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This is not a blog which expresses instant opinions on current events. It rather uses incidents, books (old and new), links and papers as jumping-off points for some reflections about our social endeavours.
So old posts are as good as new! And lots of useful links!

Friday, August 31, 2012

Climate Change - celebrating the clumsy approach

The UK Royal Society of Arts is an interesting British institution –
committed to finding innovative practical solutions to today’s social challenges. Through its ideas, research and 27,000-strong Fellowship it seeks to understand and enhance human capability so we can close the gap between today’s reality and people’s hopes for a better world.
Its Director’s blogs give a very good sense of what a highly intelligent and engaged individual in today’s Britain is thinking. Sometimes, for me, it sounds like messages from Mars! No reflection meant on Matthew Taylor! Just on the environment in which the UK chattering classes currently operate with its neo-liberal government.
The blogsite of RSA Fellows also offers fascinating insights and I was impressed with this recent one which was inspired by Professor Mike Hulme’s most recent book – Why we Disagree about Climate Change - which applies cultural theory and reframing to the issue. He argues that the very different perspectives and underlying values we all have make climate change an issue for which we should not be trying to find "a solution". A question of the best being the enemy of the good. Finding a way through the highly contested values involves intense dialogue and the acceptance of "clumsy" compromises
So much that is written about the subject is, quite frankly, hysterical – and the tone both of the blog and of the book which inspired it are rare examples of how we should be debating issues.
1. Do we really understand how the climate works?(If it’s so much more complex than the financial system, and we got that badly wrong…)
2. Is climate change happening?(Yes, demonstrably so, but some say ‘climate change’ is not – i.e. it’s nothing out of the ordinary if we had access to records that went far enough back. They are almost certainly wrong)
3. Is climate change anthropogenic (man-made)?(Almost certainly, but there are enough sceptics to allow people to imagine there is a position to be taken here- we are often asked “Do you believe in climate change”)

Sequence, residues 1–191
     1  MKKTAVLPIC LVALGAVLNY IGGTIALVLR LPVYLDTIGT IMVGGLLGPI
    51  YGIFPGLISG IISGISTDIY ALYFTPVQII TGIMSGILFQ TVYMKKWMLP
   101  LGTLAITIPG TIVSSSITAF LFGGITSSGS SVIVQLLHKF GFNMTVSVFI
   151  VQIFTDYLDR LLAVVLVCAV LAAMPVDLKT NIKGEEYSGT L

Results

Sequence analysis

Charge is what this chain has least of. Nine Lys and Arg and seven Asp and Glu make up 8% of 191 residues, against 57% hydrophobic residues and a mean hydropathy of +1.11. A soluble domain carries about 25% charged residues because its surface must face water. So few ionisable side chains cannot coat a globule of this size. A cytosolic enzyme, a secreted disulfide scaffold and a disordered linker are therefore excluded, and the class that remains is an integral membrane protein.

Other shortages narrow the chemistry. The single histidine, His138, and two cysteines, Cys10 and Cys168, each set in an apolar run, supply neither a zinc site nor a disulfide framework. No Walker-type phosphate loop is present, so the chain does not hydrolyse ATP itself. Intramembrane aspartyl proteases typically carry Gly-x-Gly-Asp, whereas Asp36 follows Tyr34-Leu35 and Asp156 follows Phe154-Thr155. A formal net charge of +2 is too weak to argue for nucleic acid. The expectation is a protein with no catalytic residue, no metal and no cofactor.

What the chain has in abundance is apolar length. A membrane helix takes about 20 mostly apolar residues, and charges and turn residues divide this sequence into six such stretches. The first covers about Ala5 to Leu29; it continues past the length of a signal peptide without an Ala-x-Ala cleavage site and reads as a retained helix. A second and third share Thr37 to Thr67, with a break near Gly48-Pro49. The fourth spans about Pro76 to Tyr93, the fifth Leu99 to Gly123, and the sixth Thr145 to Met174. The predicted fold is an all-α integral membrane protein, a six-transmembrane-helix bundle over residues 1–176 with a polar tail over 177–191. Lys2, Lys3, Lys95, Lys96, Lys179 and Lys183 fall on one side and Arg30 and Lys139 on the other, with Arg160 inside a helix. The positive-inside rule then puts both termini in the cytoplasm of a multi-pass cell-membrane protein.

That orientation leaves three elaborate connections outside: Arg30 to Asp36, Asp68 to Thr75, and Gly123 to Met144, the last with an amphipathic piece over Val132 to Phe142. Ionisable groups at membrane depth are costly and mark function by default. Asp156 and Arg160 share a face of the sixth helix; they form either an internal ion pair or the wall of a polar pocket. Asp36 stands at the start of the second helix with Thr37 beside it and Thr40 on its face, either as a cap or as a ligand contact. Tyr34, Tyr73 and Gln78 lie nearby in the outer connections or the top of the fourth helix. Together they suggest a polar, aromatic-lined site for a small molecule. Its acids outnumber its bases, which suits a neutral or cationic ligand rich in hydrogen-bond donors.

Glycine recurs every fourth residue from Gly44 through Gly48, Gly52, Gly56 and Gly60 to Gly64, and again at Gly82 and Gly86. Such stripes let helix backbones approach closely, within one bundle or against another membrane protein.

4. Is ‘runaway global warming’ likely or not?(How valid/important is the idea of ‘tipping points’)
5. How many degrees of planetary warming are ‘safe’?(Is the 2 degree limit a political or scientific judgement?)
6. Are there any likely scientific breakthroughs that will solve ‘the problem’?
7. Do current intellectual property laws help or hinder the development of carbon abatement technologies?
8. Will anticipated technological change happen quickly enough to prevent avoidable harm, or not?
9. Could an ‘energy internet’ meet our energy needs?(Some, e.g. Jeremy Rifkind argue the key is to make households produce and share energy, not just share it)
10. Is it viable to stop seeking economic growth in the developed world?(Some say economic growth is economically imperative, but ecologically impossible)
11. Do we have to assume indefinite economic growth in climate models?(Most climate models, e.g. The Stern Review, assume 1.2% growth in perpetuity- this matters because it implies future generations will be richer, and better able to deal with the worst effects of climate change)
12. What should the price of carbon be?
13. Is ‘absolute decoupling’ possible?
14. Does/could ‘cap and trade’ work?
15. Can we design a viable carbon market that is ‘functional and fair’?(The magazine Ephemera recently devoted an issue to this question)Ethics
16. Do natural systems and species have intrinsic value or not?
17. Can we place a quantitative or comparative value on a life?
18. Should/can we value the quality of life of future generations as much as our own?(This question, the so-called ‘discount value’ appears to be a critical wedge issue because it can only be a value judgement, with no objective way of settling the question, but most economic models discount future generations considerably in their models).
Communication/social marketing
19. Is ‘climate change’ the best expression to work with?
20. Is climate change an environmental issue?
21. Is Climate change best framed as a public health issue?
22. Are relatively short democractic electoral cycles part of the problem, or not?
23. Does the developed world have an obligation to allow the developing world to pollute relatively more to correct for historic exploitation, or not?
24. Do we need more regulation or less?
25. Is nothing sacred?(Are there things that don’t have a price, or that if they were given a price, would be valued even less?)
26. Do attitudes drive behaviour, or is it the other way round?(A biggie, but I was impressed by this resource as giving some ammunition for an answer)
27. Is the rebound effect serious or not?
28. Should we appeal to economic incentives, or not?
29. Should we work directly with values, or not? 
Framing and reframing (and recognion of the importance of cultural values to problem-solving) goes back a long way. I remember being impressed in the 1960s with the 3 world views suggested by Etzioni in his "Social Problems". Post-modernist thinking, however, has focussed more and more on the variety of ideological prisms with which we sense of the world. And yet, the professionals in my field who teach policy development to the senior civil servants in the Balkans, Near East and Central Asia continue to sell the rational model of problem solving. I hope to look at this in more detail in the future.  

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